So in my mind, it changes my attitude of what these keys are meant to do. I don't think they are "a set of keys I own here on earth to unlock the treasures of Heaven." I think it might be the other way around. Perhaps these are keys from Heaven that are meant to belong to locks here on Earth, and their purpose is for us to go out and find the corresponding locks.

In other words, there's something bound, imprisoned, and locked up on Earth, that God has assigned us to find, unlock and let free--not necessarily for any great treasure or reward on our part, but simply because it needs to be unbound so Heaven and Earth can intermingle and we can all experience God's Kingdom on Earth. It's an assignment that calls us to use not just our reason, skill, and intellect, but our faith and our desire to be a part of that kingdom ourselves. It requires us to go forth and find these locks for the glory of God, not for ourselves.

However, we should not see it as martyrdom, but rather an amazing display of trust.

I think about how hesitant I am to give up my truck keys or my house keys. I am more than happy to give someone a spare set of my keys, but when it comes to my keys--the ones I carry around in my pocket--I really truly hate for the person to get out of eye-shot. What if they forget? What if they get in an accident? How will I open my home? How will I drive my truck? If I so much as misplace them in my own pocket I freak out.

I know I am not the only one who feels that way. Some of the worst misunderstandings I have had with others, involved keys. Times when, despite my best efforts to be careful, I lost someone's keys because I had a hole in my pocket. Times when someone with dementia misplaced my keys and it was all I could do not to be angry. Times when I went out of my way to help find someone else' keys and ended up feeling somehow "accused of taking them." Times when I've accused others of taking my keys. Times when I thought I had given someone the "right" key, and they got to their destination only to find I had given them the "wrong" key, and there they were, stuck outside and angry. Times when I've dropped someone else's keys in the snow and can't find them (always a risk in NE Missouri in January!) Losing one's keys is almost always charged with raw, sharp emotion. So I realize giving up one's own keys is way different from giving up a spare.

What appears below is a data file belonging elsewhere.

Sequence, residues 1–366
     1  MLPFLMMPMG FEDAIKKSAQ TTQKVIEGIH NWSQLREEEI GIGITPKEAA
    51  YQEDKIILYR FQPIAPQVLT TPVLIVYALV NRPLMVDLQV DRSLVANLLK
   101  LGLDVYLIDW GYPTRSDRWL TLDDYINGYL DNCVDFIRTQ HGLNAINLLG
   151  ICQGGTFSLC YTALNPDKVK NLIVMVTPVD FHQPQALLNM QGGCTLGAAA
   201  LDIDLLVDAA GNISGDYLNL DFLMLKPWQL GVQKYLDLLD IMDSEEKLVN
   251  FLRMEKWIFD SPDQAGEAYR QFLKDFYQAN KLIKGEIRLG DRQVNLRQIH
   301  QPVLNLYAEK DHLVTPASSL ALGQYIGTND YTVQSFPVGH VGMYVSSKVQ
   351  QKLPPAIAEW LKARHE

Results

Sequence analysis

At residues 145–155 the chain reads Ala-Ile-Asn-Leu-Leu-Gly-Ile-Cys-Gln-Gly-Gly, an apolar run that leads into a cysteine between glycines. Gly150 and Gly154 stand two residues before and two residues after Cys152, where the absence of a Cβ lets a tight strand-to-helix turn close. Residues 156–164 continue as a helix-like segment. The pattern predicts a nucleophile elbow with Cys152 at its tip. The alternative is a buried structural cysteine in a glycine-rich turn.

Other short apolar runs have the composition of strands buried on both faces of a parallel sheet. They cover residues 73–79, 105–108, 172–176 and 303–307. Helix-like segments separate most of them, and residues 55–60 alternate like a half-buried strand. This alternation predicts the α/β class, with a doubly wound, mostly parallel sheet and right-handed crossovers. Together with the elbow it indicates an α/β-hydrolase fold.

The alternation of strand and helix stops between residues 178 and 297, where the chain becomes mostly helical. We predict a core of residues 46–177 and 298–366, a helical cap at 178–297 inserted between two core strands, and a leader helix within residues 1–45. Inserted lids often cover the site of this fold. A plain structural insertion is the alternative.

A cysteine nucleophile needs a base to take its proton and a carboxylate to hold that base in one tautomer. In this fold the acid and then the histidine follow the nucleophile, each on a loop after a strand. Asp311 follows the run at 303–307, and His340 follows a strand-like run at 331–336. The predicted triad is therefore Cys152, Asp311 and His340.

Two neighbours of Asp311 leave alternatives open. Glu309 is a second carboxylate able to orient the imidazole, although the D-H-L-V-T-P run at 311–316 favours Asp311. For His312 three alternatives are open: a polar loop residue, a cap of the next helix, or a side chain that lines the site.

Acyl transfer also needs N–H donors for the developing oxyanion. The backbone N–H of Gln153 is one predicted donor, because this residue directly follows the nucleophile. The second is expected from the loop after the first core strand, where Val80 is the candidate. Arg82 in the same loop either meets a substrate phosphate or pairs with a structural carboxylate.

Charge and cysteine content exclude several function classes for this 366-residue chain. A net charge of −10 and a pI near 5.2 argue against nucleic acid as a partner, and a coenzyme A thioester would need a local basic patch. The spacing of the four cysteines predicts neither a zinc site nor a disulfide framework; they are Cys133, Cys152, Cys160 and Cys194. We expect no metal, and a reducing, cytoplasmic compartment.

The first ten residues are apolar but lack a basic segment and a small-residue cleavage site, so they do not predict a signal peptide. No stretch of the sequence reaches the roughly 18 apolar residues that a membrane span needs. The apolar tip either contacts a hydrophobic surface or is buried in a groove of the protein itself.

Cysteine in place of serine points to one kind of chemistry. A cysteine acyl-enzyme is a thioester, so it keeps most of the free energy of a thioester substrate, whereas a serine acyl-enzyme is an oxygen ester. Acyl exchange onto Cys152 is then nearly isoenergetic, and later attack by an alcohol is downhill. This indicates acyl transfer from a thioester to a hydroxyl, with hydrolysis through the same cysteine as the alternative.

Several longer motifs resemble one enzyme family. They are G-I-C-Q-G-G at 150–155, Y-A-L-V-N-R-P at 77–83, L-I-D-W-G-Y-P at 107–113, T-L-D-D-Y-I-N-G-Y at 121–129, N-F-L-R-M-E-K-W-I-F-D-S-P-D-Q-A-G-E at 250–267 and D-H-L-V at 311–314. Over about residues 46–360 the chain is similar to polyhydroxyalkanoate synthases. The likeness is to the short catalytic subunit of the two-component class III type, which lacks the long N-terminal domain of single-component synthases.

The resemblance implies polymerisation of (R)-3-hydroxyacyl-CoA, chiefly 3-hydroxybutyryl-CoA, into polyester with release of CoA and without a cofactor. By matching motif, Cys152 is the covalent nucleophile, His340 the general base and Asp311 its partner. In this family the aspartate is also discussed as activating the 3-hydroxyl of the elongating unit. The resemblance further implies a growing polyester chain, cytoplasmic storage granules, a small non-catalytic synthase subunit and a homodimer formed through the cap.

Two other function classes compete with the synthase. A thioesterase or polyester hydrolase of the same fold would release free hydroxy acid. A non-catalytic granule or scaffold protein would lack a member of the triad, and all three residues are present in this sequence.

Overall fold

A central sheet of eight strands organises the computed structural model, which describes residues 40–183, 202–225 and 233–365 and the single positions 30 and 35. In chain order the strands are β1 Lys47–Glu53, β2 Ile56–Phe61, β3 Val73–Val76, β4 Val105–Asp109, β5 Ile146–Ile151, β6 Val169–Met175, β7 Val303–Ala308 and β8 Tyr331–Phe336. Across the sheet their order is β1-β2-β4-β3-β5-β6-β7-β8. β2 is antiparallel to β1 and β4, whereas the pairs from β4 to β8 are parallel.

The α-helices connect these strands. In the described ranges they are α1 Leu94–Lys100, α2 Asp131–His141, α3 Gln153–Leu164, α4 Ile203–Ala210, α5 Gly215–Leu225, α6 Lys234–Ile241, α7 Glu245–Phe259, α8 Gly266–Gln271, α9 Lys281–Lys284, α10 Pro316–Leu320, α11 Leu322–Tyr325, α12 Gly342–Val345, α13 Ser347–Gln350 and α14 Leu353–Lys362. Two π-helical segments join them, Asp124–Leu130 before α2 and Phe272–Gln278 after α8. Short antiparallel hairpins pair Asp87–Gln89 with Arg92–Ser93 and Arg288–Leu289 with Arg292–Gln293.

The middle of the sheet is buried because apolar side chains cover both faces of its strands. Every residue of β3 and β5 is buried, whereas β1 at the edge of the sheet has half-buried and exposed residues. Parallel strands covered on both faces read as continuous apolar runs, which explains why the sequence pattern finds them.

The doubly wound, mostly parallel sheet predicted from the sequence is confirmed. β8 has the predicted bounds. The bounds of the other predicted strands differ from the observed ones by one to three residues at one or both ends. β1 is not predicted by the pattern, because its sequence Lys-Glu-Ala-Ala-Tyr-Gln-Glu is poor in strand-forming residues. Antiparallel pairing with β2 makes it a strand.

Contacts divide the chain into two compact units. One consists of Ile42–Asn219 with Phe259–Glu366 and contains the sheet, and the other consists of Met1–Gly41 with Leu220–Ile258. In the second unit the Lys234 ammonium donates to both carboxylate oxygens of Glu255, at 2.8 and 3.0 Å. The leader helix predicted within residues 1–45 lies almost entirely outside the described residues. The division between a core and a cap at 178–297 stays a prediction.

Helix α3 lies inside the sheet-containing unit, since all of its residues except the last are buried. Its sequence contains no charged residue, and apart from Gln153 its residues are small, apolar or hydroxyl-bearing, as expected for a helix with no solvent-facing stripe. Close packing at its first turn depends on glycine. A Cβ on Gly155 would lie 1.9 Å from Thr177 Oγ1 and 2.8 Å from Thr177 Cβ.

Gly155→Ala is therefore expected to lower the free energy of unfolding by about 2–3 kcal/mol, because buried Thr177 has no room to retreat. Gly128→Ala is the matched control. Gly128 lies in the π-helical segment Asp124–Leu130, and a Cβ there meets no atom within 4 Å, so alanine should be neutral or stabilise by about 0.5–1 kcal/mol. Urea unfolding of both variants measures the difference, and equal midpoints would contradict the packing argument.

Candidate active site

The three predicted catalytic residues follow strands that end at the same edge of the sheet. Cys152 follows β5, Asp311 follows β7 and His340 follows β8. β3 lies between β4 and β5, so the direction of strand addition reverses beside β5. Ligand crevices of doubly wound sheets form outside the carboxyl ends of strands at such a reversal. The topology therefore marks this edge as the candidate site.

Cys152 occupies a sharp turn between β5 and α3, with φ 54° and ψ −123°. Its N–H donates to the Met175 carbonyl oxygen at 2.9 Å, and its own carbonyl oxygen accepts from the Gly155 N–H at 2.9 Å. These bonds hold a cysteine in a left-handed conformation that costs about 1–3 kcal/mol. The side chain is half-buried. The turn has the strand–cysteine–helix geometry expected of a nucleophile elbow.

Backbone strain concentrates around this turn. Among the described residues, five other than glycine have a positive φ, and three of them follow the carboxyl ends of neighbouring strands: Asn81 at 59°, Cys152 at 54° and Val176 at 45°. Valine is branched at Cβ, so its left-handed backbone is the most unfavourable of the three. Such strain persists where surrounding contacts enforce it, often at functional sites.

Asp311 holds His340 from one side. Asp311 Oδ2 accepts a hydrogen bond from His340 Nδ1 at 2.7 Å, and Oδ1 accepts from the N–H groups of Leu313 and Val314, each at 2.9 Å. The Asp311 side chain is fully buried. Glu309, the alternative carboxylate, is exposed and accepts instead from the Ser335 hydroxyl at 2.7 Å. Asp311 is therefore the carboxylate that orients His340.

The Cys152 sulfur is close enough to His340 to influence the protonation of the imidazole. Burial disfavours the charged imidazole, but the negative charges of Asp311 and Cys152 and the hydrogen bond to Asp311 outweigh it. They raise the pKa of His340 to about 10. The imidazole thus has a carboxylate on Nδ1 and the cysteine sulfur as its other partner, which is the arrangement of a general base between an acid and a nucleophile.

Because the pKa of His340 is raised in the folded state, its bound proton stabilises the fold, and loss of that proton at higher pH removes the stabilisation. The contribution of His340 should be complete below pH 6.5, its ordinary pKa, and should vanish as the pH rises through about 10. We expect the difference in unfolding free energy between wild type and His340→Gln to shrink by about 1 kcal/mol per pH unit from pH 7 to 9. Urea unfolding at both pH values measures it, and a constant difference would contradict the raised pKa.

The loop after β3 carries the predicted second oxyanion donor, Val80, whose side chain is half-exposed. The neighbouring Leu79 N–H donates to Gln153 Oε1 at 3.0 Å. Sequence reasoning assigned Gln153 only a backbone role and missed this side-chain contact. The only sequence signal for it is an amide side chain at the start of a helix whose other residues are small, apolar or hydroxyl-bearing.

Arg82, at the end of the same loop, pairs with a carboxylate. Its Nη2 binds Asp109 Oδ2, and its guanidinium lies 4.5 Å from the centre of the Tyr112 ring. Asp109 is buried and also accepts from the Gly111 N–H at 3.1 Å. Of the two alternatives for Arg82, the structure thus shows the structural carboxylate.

In the context of this passage, these stories of my own life make me realize that these "Keys of the Kingdom" are the keys out of God's own pocket. Yet, we are allowed to keep them for God's service, and God not only "seems not to mind," but encourages us.

That level of trust, alone, should be enough for us to want to run out and joyfully search for their corresponding locks!

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Kirksville, Missouri, United States
I'm a longtime area resident of that quirky and wonderful place called Kirksville, MO and am wondering what God has hiding round the next corner in my life.